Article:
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2014

Social Network Theory Pioneer Mark Granovetter Wins 2013 Everett M. Rogers Award

USC Annenberg prize goes to author of "The Strength of Weak Ties"

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LOS ANGELES, July 23, 2013 /PRNewswire/ -- Stanford Professor of Sociology Mark Granovetter is the recipient of the 2013 Everett M. Rogers Award.

Cited over 24,000 times, Granovetter's 1973 paper "The Strength of Weak Ties" is a social science classic and a milestone in network theory. Our close friends are strongly in touch with us and each other, he wrote, but our acquaintances – weak ties – are crucial bridges to other densely knit clumps of close friends. The more weak ties we have, the more in touch we are with ideas, fashions, job openings and whatever else is going on in diverse and far-flung communities.

The award honors the late Everett M. Rogers, a former associate dean at the University of Southern California's Annenberg School for Communication and Journalism and an influential communication scholar whose Diffusion of Innovation is the second-most cited book in the social sciences.  Presented since 2007 on behalf of USC Annenberg by its Norman Lear Center, the award recognizes outstanding scholars and practitioners whose work has contributed path-breaking insights in areas of Rogers's legacy.

At the USC Annenberg School on Wednesday, September 18 at 12 noon, Granovetter will present "The Strength of Weak Ties" Revisited.  He will discuss how he came to write it; where it fits in the history of social network analysis; how its argument has held up over the years; and its significance in recent social revolutions, where it's often been claimed that social networks are at the core of the new political developments.  The event is free and open to the public but RSVP is required. (RSVP is available online at: http://bit.ly/189ayDM)

Granovetter is the Joan Butler Ford Professor in the School of Humanities and Sciences at Stanford University and the chair of Stanford's Department of Sociology, where he has taught since 1995. He received an A.B. in American and Modern European History from Princeton and a Ph.D. in Sociology from Harvard. Since 1986 he has been the editor of the Cambridge University Press series Structural Analysis in the Social Sciences; more than thirty volumes have appeared, in sociology, anthropology, political science, history and statistical methods.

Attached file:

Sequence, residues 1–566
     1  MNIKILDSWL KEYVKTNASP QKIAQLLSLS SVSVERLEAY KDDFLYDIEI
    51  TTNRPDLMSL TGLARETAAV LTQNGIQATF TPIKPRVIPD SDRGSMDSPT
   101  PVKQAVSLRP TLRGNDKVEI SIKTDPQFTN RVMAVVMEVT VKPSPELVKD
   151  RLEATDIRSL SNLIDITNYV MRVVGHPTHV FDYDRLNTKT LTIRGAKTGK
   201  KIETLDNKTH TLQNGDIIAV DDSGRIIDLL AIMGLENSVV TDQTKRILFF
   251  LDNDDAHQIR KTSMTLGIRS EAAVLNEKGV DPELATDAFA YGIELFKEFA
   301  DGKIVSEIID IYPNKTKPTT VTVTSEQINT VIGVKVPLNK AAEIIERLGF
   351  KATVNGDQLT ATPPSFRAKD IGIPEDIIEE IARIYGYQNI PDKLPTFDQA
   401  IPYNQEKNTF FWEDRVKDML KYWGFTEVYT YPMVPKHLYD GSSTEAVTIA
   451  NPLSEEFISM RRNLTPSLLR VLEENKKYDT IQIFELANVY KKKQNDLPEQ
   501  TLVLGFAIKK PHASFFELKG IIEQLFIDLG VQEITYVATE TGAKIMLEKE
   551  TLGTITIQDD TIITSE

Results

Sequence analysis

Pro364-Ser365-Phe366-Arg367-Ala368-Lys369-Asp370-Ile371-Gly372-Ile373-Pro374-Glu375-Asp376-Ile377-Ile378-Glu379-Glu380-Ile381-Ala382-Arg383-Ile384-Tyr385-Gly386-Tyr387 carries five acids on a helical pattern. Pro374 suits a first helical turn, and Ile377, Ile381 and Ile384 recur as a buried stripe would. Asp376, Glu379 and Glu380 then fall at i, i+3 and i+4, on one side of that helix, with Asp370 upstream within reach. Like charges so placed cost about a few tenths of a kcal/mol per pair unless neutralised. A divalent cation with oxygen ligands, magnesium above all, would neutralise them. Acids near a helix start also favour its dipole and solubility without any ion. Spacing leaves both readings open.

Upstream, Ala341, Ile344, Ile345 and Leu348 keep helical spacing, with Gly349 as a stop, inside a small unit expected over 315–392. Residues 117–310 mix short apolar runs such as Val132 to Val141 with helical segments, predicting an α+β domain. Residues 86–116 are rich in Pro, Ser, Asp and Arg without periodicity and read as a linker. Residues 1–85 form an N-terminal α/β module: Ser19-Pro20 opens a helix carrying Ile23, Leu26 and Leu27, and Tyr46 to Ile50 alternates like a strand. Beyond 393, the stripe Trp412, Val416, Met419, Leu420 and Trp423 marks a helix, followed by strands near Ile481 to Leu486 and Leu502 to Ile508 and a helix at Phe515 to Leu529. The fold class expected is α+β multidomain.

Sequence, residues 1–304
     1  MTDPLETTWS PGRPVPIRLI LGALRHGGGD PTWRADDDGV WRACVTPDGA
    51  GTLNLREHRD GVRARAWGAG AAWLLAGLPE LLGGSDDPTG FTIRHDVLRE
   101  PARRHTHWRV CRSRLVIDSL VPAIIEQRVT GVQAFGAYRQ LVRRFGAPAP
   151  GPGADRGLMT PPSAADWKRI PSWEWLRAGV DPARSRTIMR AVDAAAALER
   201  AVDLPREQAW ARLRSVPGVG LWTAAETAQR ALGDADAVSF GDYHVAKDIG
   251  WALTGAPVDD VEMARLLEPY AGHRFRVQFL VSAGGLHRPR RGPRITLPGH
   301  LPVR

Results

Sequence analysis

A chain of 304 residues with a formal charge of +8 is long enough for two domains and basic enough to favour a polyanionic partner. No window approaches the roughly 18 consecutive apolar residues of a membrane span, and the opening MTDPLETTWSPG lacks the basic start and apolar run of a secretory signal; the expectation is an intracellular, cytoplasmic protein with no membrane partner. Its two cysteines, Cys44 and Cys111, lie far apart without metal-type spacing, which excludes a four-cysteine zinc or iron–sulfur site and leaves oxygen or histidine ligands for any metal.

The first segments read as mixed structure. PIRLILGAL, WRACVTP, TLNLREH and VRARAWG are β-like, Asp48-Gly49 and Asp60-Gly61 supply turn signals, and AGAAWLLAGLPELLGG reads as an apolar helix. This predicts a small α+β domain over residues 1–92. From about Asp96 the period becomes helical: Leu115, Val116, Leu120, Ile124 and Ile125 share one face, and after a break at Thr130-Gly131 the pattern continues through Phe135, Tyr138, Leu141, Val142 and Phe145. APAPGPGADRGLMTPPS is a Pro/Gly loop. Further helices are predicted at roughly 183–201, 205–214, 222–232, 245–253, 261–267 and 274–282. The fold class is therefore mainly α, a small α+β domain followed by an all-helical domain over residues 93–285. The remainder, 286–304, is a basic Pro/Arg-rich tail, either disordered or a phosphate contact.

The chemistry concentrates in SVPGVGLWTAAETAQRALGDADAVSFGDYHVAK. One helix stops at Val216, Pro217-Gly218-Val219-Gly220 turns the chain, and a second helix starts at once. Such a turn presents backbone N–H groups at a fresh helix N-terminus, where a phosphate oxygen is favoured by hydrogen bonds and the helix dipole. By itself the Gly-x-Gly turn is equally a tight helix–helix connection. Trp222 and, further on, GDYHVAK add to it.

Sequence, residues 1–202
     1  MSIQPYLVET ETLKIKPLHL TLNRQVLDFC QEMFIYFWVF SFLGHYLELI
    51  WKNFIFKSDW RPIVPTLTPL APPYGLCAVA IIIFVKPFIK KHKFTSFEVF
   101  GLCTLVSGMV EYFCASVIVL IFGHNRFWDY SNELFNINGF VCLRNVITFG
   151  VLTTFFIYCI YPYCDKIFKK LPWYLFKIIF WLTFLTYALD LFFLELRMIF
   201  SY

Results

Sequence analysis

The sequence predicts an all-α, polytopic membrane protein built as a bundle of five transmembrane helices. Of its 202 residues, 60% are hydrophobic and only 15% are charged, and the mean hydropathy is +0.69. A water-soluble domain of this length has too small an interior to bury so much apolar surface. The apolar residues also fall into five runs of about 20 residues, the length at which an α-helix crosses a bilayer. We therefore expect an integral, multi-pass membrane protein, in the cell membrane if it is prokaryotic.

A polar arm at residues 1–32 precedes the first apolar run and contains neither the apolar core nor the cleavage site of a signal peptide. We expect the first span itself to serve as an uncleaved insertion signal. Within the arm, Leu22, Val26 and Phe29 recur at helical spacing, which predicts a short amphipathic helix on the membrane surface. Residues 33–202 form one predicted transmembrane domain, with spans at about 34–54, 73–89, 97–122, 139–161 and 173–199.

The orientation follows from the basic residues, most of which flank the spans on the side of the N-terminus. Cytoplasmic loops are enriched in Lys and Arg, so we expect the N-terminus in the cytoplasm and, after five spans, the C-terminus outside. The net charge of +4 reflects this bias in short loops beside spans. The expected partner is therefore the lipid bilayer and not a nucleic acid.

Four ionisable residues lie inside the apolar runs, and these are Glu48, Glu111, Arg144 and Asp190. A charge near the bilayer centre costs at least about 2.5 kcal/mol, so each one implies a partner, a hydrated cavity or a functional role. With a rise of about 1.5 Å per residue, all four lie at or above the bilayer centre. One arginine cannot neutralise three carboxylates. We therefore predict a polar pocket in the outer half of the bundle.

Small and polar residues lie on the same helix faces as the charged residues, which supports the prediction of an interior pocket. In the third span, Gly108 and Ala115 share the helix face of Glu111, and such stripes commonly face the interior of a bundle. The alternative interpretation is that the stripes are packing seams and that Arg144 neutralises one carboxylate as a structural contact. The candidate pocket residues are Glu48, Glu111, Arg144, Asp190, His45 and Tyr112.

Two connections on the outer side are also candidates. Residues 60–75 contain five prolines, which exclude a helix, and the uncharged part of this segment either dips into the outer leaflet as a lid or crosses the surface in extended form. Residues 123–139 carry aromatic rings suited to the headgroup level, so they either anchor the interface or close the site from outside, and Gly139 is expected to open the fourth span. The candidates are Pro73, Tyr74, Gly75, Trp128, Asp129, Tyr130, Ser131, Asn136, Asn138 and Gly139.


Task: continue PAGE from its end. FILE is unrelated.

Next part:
The Norman Lear Center is a multidisciplinary research and public policy center studying and shaping the impact of entertainment and media on society. From its base in the USC Annenberg School for Communication and Journalism, the Lear Center builds bridges between faculty who study aspects of entertainment, media and culture. Beyond campus, it bridges the gap between entertainment industry and academia, and between them and the public. For more information, visit www.learcenter.org.

Located in Los Angeles at the University of Southern California, the Annenberg School for Communication and Journalism (annenberg.usc.edu) is a national leader in education and scholarship in the fields of communication, journalism, public diplomacy and public relations. With an enrollment of more than 2,200 students, USC Annenberg offers doctoral, graduate and undergraduate degree programs, as well as continuing development programs for working professionals across a broad scope of academic inquiry. The school's comprehensive curriculum emphasizes the core skills of leadership, innovation, service and entrepreneurship and draws upon the resources of a networked university located in the media capital of the world.

SOURCE USC Annenberg Norman Lear Center



RELATED LINKS
http://annenberg.usc.edu

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